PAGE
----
Bahamas Travel Guide
With 700 islands, 2,500 cays, and 500 miles of the clearest water in the world, the Bahamas have it all: glorious beaches, warm surf, fabulous coral reefs, and challenging golf courses. Whether you’re interested in sunbathing or shark-diving, there’s no shortage of activities in the Bahamas, and the destination is guaranteed to appeal to every traveler—you just have to know where to look. Read on for your ultimate guide to the islands, including the capital of Nassau as well as the out islands: Freeport, Abaco, Eleuthera, Exumas, Grand Bahama, and Paradise Island.
Planning Your Trip
- Best Time to Visit: The ideal time to visit is from mid-April to early July, after the peak tourist season is over, and before the start of the hurricane season.
- Language: English, Bahamian Creole
- Currency: Bahamian dollar; U.S. dollar widely accepted.
- Getting Around: When in Nassau, you will have no difficulty with finding a cab downtown, as it is the most popular island.
- Travel Tip: If you’re visiting in January through May, or October through November, be sure to check out the Tea Party at the Government House, hosted by the Bahamas Ministry of Tourism. And sign up for a People to People experience at any time of year to have dinner in the home of a local family—another opportunity provided by the Bahamas Ministry of Tourism.
Things to Do
Unsurprising for an island nation named for its turquoise surroundings (the name ‘Bahamas’ comes from the Spanish term for clear waters, “Baja Mar’), many of the most popular activities correspond to exploring the Caribbean Sea. On the Out Islands (the Abacos, Eleuthera/Harbour Island, Long Island, Cat Island, and The Exumas, among others) you’ll find pristine diving and fishing sites and a more authentic West Indian character. The most exciting dining and drinking options exist in the nation’s capital of Nassau—we suggest strolling Downtown and visiting the various rum bars and local restaurants for a taste of Bahamian culture.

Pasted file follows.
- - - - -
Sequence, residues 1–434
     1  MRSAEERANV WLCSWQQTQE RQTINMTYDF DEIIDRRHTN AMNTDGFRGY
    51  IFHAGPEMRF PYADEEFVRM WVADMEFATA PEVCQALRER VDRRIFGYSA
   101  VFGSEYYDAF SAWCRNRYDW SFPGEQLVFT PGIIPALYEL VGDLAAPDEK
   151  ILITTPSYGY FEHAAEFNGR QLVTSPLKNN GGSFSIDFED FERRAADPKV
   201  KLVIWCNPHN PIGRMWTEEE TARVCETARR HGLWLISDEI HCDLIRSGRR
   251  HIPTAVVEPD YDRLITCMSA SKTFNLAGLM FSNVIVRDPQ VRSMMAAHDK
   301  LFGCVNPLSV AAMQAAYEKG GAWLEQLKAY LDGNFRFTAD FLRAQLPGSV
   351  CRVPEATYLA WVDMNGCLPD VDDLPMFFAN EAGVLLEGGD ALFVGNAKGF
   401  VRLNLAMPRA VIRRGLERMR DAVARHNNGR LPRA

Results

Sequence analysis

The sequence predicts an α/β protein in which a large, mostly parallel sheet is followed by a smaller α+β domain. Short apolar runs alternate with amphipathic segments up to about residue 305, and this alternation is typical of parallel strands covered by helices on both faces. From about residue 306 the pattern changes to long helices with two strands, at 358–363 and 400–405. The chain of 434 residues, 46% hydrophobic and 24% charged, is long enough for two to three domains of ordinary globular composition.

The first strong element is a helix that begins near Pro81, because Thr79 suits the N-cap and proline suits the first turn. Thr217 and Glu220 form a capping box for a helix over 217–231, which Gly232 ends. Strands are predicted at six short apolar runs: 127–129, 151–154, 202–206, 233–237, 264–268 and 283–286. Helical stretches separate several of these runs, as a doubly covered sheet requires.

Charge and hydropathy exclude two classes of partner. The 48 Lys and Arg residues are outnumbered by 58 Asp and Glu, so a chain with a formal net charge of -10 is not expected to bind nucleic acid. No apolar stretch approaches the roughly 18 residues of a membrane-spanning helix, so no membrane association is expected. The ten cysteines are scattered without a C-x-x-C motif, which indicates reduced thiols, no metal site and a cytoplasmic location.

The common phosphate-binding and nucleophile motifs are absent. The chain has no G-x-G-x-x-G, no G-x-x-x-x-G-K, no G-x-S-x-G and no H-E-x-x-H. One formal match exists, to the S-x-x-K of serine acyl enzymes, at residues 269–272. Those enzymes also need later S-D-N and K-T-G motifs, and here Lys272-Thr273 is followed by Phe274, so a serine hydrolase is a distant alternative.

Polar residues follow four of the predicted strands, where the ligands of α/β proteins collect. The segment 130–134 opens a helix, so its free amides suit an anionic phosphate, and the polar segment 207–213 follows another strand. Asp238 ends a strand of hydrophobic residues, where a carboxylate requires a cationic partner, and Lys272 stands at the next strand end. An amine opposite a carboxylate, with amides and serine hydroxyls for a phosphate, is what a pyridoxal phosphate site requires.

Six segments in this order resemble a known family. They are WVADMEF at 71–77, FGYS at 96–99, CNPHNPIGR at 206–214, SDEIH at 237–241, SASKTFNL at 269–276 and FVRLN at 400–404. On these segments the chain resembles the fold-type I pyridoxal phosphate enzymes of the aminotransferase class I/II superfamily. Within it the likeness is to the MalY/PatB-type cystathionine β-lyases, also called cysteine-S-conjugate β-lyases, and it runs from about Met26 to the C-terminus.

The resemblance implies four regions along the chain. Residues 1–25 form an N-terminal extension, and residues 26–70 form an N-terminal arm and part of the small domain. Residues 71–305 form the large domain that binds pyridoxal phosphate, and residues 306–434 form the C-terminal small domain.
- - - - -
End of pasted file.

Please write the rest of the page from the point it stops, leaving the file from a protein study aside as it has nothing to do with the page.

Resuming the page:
- From swimming with sharks at the Bimini Scuba Center Bimini to exploring the Sir Nicholas Nuttall Coral Reef Sculpture Garden off the coast of New Providence, excellent snorkeling (and, for the more adventurous: diving) opportunities abound throughout the island nation.
- Sunbathe at some of the world-famous beaches in the Bahamas—whether you’re interested in the pink sands of Harbour Island or the Palm-tree lined coast of Andros, there’s no shortage of pristine coastline to satisfy even the most discerning sun-worshippers
- When in the Bahamas, do as the pirates once did, and drink rum! From tasting tours at John Watling’s distillery (order the Rum Dum) to Bahama Papas at the Poop Deck (pair it with conch), you will find that rum is almost as prevalent in the Bahamas as sunshine.
What to Eat and Drink
From Bahama Mamas to Bahama Papas, and Rum Dums to Rum Punch, the Bahamas is legendary for its rum cocktails. Rum has been the drink of choice on the island for centuries—as it has on many Caribbean islands. Thanks to the plentiful sunshine that allows tropical fruit to flourish throughout the Bahamian islands, the local juice is Mother Nature’s perfect mixer (or chaser) for visitors imbibing. Rum is part of the nation’s history, and nowhere is this more apparent than at the historic John Watling’s Distillery in downtown Nassau.
If you’re more of a beer drinker, head over to Pirate Republic Brewing. Wine-lovers should visit Bahama Barrels, the first-ever winery founded in the Bahamas. Scenesters should visit Sip Sip in Harbour Island for the legendary Sky Juice.
Of course, it’s not all about the drinks—even the heartiest rum-lover needs nourishment every once in a while. Thankfully, the food scene in the Caribbean has been flourishing in recent years. Classic Bahamian cuisine includes rock lobster, rum cake, guava duff, and baked macaroni and cheese, and, of course, conch. Make sure to try a conch dish; this chewy mollusk is prepared as chowder, stew, salad and, fritters. Conch in all its variations is a must-order on the island, though we particularly recommend the cracked conch, either as an appetizer or an entree. Most resorts have fine-dining restaurants serving anything from continental cuisine to sushi, but try to seek out small local places where you can sample authentic island cuisine. You’ll notice American South influences in Bahamian dishes like boiled fish and grits. Bahamian specialties are spicy and center on seafood and local produce.